Lending to households and businesses is likely to be tighter in the first half of the year due to the expected negative impact of the third lockdown on bank balance sheets, according to Goodbody.
In a note to clients yesterday, the stockbroker said the benefit to Irish banks from last quarter’s economic recovery and a successful Brexit deal are set to be unwound due to the new restrictions.
That would probably lead to a reversal of the improving loan impairment trends experienced by Irish banks in recent months, meaning tougher credit conditions and reduced bank income.
“We’re back where we started in June with provisions – the upside expectation of Q3 and Q4 has receded,” said Eamonn Hughes, senior banking analyst with Goodbody. “If the lockdown goes to March or April, we would start to get nervous about revenue numbers for the banks.”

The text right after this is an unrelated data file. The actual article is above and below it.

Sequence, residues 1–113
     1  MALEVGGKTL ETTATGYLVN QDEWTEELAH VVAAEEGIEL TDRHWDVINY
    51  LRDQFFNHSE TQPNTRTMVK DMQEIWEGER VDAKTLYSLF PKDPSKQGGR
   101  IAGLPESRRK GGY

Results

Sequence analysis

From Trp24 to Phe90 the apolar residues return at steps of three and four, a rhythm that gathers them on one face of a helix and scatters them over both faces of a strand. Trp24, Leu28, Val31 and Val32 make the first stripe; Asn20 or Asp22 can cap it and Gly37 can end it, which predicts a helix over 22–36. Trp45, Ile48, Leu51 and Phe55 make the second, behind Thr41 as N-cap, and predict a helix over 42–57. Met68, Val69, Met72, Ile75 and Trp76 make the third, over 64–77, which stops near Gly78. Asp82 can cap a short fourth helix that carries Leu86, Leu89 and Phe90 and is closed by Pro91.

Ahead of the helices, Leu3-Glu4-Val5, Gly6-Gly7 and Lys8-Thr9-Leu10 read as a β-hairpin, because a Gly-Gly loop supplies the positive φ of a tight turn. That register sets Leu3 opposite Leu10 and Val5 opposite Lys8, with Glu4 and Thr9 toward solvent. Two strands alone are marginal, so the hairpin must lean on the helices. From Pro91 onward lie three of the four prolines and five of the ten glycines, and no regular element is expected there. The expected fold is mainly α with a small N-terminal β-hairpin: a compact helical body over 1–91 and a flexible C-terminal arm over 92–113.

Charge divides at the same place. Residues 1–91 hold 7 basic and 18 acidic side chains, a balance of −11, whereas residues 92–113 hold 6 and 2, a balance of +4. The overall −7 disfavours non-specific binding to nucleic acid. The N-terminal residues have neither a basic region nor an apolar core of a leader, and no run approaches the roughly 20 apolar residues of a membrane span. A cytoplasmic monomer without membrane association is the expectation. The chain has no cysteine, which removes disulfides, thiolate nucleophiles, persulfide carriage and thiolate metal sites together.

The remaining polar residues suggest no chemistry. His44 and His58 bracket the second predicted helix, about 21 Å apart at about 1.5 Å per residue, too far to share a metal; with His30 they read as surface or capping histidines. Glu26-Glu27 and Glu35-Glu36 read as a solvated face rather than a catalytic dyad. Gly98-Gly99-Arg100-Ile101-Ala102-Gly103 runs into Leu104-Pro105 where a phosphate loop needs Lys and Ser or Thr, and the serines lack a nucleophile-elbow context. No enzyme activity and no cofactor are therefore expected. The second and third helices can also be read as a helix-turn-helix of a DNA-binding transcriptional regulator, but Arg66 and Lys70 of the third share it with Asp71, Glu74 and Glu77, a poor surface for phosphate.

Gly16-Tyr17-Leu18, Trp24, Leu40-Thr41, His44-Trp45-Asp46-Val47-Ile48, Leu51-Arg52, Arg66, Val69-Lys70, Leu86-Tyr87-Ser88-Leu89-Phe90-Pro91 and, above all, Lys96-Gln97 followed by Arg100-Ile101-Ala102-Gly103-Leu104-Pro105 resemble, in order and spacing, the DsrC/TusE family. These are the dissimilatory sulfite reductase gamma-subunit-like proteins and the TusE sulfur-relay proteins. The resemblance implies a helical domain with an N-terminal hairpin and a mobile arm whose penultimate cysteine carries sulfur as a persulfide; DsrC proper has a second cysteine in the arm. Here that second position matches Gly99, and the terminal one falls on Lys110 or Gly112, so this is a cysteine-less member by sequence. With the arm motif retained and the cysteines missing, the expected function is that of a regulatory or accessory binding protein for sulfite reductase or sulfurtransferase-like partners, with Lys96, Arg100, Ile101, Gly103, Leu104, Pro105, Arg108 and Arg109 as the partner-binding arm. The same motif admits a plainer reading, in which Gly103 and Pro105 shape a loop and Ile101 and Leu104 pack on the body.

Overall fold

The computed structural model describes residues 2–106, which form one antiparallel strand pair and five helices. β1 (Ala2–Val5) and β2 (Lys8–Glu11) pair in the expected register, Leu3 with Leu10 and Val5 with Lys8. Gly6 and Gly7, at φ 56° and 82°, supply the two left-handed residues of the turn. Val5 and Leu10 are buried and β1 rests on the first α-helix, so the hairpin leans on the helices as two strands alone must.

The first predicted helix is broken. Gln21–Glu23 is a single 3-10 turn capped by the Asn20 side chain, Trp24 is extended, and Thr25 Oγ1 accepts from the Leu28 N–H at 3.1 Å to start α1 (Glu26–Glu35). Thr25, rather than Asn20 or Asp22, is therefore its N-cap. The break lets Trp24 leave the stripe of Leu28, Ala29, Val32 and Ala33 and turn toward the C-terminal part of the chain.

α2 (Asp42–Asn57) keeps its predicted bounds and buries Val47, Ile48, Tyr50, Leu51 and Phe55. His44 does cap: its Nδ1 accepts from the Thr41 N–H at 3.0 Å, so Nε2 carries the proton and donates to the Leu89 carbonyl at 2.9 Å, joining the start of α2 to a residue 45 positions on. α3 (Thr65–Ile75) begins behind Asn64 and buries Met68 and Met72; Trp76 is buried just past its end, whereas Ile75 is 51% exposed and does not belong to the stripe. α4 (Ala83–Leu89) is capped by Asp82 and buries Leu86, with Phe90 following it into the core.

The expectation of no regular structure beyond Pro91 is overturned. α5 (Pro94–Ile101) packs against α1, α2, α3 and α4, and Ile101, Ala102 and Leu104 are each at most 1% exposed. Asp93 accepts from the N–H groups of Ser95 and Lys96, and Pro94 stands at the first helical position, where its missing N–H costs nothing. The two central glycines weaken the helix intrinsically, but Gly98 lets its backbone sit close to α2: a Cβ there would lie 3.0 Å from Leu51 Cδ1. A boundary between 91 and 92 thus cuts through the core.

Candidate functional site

Irish banks made large provisions for losses in their interim reports last year when there was no end in sight for the pandemic and the Brexit outcome was highly uncertain.
Coming into the last two months of 2020 their outlook had improved as three positive factors converged: Irish economic growth turned positive, the prospects for a negotiated Brexit deal improved, and the second lockdown had affected repayment rates.
The change in mood was reflected in share prices, which surged by as much as 50pc after spending much of 2020 at long-term lows.
However, with the massive surge in coronavirus case numbers, the slow rollout of the vaccine in Ireland, and a harsh lockdown, Goodbody is being cautious on forecasts.
“It’s now a delayed recovery rather than a quick comeback,” said Mr Hughes. “We’re pushing out the timetable at least a quarter.”
Mr Hughes said a key factor in the Irish banks taking a conservative approach to provisions and lending this year was the European stress tests which are taking place in the first half.
Andrea Enria, the head of the European Central Bank’s Supervisory Board, has warned that the ECB will be challenging banks on provisions as part of this exercise.
“Banks adopting a wait and see approach will get scrutiny,” said Mr Hughes. “Those that want to pay dividends are better off over-providing.”